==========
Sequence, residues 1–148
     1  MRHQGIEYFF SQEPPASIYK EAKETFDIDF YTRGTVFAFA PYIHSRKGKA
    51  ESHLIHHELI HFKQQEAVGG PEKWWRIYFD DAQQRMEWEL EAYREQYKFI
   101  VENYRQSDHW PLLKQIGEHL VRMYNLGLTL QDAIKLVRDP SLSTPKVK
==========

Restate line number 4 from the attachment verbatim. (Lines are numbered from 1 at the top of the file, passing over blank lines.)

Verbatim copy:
   101  VENYRQSDHW PLLKQIGEHL VRMYNLGLTL QDAIKLVRDP SLSTPKVK